Processing is one of the most energy-intensive parts of a hard-rock mining operation. Enormous amounts of electricity are required for grinding and crushing and huge quantities of water for further processing.
Technology that reduces blind processing of low-grade material and waste clearly benefits the environment and the bottom line.
Turning transformational science into a business
“CSIRO’s Mineral Resources group had been working on these measurement technologies for a long time,” says Mr Beal. “There were crucial individuals within the team who not only understood the very deep technical, scientific side of it, they were also able to identify the valuable application of it.”
Mr Beal says Dr Nick Cutmore, a long-time CSIRO research scientist and now a director of NextOre, and Dr David Miljak, Research Director, Sensing and Sorting in the Mineral Resources business unit, were two of those critical players.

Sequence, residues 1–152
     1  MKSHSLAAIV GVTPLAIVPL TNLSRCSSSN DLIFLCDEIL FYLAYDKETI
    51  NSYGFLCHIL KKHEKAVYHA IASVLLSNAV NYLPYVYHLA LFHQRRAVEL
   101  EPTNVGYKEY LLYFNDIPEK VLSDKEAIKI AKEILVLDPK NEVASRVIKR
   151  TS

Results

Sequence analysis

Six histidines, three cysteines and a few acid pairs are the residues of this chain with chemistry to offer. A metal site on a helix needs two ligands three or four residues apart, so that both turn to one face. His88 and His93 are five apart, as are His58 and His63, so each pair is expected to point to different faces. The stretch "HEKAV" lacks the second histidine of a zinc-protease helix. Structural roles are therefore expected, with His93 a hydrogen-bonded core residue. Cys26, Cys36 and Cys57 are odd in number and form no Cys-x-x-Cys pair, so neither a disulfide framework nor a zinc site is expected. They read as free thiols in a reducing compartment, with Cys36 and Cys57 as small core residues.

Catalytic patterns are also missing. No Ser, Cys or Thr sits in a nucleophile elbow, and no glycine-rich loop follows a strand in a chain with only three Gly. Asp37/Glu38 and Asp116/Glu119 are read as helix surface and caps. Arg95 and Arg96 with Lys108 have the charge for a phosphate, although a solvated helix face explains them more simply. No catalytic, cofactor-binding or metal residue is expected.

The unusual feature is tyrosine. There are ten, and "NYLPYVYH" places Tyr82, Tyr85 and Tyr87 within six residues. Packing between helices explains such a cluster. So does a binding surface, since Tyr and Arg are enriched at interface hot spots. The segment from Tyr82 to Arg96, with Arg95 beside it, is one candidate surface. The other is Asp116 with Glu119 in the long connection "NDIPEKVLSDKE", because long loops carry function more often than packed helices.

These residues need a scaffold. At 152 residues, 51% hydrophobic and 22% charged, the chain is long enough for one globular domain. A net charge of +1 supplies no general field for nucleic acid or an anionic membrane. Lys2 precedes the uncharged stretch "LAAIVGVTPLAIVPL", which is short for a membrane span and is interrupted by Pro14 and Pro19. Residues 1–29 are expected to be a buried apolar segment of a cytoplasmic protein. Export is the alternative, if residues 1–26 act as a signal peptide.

“They knew that this process in the mining industry had become indiscriminate in the way that it mines ore, favouring economies of scale over precision,” says Mr Beal. “You’re scooping up all of this material, and there was no technology capable of checking to see if what was being sent for processing was high quality. They saw the potential for their technology being developed to be applied to solve this.”
Knowing they had business-changing technology on their hands, it was time to get it out of the lab.
“They said, ‘We need to go out to companies, prove that it works, and find partners and put a company together that makes this happen’,” says Mr Beal.
“CSIRO put a team of engineers, Nick and me together to make their prototype industrially viable, something that can be manufactured and commercialised,” says Shivika Singh, who has an MBA in strategy and a Bachelors in Electrical Engineering, Back then, she was CSIRO’s Technology Integration Manager; today she is NextOre’s COO.
“CSIRO scientists are brilliant – they make excellent technology” says Ms Singh. “To take that technology to a mine site as a product is a process on its own.”
Three heads are better than one – collaborating for impact